Rohingya and Bangladeshi migrants
Rohingya and Bangladeshi migrants who arrived in Indonesia by boat receive medical assistance at an aid station in Kuala Langsa in Indonesia's Aceh Province Reuters

Indonesia has pushed back yet another boat crowded with Rohingya and Bangladeshi people after nearly 3,000 migrants have been brought ashore or rescued off its coasts and those of Malaysia and Thailand in a week.

The navy off Indonesia's Aceh province has deployed four warships and one plane in an attempt to prevent migrant boats from entering Indonesian waters after a vessel was blocked while it was heading across the Malacca strait from Malaysia.

"It was heading to Indonesian waters from Malaysia and was denied entry," Indonesian armed forces spokesman Fuad Basya said. "It was intercepted, and we stopped it from passing."

Regional governments of Indonesia, Malaysia and Thailand have refused to engage in search-and-rescue operations, instead repulsing the boats to the sea after providing basic water and food. Phil Robertson of Human Rights Watch Asia accused the Thai, Malaysian and Indonesian navies of "playing a three-way game of human ping pong".

The latest pushback came after gruesome details emerged of deadly fighting onboard vessels that ran out of water and food. Survivors from one stricken boat that was rescued by fishermen off Aceh recounted of a brawl between the Rohingyas, the persecuted Muslim minority from Myanmar's Rakhine state, and Bangladeshis, resulting in many thrown overboard.

"We conducted interviews and spoke to many refugees who confirmed the same story. These two groups were fighting for food and many leapt over the deck, although we don't have an exact figure," the local spokesman for the International Organization for Migration (IOM) Jeff Labovitz told IBTimes UK.

A group of the 700 people rescued off Aceh told the BBC that about 100 had died over the food fight. Three men said people were stabbed, hanged or thrown overboard.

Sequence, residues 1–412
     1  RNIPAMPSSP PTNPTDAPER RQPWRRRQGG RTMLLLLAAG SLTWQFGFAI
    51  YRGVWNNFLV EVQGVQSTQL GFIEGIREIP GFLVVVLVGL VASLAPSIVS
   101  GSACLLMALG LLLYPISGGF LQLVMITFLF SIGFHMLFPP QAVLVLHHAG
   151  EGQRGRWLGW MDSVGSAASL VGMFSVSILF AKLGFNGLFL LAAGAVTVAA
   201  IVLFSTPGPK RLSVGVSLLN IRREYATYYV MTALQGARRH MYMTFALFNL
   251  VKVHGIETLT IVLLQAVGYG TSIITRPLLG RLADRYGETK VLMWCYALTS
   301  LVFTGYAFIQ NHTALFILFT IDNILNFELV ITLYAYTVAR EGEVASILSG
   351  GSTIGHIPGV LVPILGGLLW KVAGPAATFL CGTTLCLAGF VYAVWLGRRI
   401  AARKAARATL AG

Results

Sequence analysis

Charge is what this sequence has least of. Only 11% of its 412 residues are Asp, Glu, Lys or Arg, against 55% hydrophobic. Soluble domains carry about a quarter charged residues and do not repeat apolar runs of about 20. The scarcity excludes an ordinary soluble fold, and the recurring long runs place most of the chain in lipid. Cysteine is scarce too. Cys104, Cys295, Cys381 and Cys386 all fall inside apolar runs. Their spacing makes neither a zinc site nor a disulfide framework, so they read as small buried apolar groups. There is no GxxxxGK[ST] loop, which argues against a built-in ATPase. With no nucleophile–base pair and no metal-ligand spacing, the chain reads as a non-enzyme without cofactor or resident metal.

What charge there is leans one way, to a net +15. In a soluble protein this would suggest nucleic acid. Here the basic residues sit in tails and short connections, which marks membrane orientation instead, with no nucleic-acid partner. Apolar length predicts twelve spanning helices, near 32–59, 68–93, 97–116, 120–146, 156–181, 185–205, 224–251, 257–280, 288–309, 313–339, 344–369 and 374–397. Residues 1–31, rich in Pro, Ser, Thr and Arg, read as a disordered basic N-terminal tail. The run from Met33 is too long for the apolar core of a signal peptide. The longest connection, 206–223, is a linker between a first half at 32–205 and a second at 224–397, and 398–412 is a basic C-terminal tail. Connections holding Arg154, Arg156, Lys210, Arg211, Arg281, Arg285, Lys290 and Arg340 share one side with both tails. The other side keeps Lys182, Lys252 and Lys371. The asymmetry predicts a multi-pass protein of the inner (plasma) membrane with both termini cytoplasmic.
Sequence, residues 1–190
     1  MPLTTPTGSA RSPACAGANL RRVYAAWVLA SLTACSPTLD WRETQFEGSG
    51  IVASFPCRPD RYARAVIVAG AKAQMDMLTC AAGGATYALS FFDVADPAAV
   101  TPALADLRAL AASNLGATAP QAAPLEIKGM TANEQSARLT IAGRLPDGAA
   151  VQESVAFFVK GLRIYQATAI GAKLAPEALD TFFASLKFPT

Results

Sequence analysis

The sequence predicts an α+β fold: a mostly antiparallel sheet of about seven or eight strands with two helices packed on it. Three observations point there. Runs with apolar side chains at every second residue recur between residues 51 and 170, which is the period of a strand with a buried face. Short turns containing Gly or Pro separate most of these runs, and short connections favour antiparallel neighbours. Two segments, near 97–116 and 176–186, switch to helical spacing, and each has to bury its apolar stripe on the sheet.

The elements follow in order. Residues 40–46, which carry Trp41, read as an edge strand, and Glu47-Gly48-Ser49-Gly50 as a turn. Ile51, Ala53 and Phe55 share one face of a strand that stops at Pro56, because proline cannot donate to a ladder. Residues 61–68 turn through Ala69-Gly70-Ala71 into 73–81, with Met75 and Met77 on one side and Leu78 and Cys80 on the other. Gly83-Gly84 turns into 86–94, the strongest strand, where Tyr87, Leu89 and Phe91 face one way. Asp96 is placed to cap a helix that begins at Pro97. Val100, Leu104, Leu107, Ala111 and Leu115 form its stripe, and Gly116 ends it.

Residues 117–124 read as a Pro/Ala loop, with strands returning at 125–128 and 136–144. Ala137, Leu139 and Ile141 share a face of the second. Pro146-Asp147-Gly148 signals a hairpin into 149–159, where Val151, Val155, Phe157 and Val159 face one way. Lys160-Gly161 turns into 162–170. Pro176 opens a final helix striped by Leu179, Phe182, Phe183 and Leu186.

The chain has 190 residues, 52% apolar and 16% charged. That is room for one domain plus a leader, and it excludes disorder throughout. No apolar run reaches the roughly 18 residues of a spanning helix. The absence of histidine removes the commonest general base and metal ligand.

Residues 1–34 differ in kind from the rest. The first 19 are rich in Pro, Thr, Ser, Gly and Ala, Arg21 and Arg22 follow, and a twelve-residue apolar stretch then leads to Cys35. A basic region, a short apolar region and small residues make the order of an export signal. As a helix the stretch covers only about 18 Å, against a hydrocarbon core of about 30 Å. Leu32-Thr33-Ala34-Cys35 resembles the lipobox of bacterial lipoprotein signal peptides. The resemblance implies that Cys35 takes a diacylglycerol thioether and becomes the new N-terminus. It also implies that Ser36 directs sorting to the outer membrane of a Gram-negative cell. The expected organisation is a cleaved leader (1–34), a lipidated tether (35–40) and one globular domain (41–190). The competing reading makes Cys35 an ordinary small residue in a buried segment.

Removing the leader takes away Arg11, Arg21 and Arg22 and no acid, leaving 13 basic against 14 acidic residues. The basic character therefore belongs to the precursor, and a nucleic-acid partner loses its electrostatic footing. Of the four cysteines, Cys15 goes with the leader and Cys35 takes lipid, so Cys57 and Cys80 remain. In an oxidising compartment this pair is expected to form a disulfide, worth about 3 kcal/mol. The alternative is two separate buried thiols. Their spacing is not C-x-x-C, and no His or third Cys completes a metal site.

Aid workers have warned that up to 8,000 more migrants may be stranded at sea off the coasts of Thailand, Indonesia and Malaysia with nowhere to go and very limited supplies of water and food. The UN have warned of a "massive humanitarian crisis" looming on the Rohingya migrants because no government is willing to accept the migrants.

Members of local and international non-governmental organisations have embarked on boats to conduct search and rescue operations to find vessels in distress in the Andaman Sea.

A Rohingya migrant
A Rohingya migrant who arrived in Indonesia by boat cries while speaking on a mobile phone with a relative in Malaysia, at a temporary shelter in Kuala Langsa Reuters

"We'd just missed a few boats by a matter of minutes," Matthew Smith, executive editor of Fortify Rights group, told IBTimes UK. "Thai authorities are still pushing boats back or out of their territory. There has been no change in Thai policy."

Smith said that these operations are "tricky" because once the Thai navy makes contact with these boats "there's not much time to provide assistance before the boat gets towed out of Thai waters".

"We pack speedboats with basic supplies. In some cases the Thais are providing milk and water before pushing them back. However, when you have hundreds of people living in difficult conditions, the biggest concern is that they may have developed serious health problems and they don't receive adequate assistance."

Two boats crammed with at least 450 Rohingyas and Bangladeshis were towed by Thai authorities in the past day, according to Smith. Fisherman also spotted alleged armed smugglers on a boat that was dragging a refugee vessel out of Thai water. The smugglers opened fire and the Thai fishermen reported it to the navy, he said.

"If confirmed, that would be really concerning because it would indicate that human traffickers are still operational in Thai waters," he said, adding that other reports say that smugglers are back to business also in Malaysia.

Malaysian prime minister Najib said that the country was "very sympathetic towards those who were floating in the open seas" but it must not be burdened with this problem as there are thousands more waiting to flee from their regions".

But Southeast Asian nations are under increased pressure to act to prevent an humanitarian disaster in their waters. Malaysian Foreign Minister Anifah Aman is due to host talks with his Indonesian and Thai counterparts this week.

Malaysia, current chair of regional grouping ASEAN, on Sunday pressed Myanmar to engage in talks on the issue.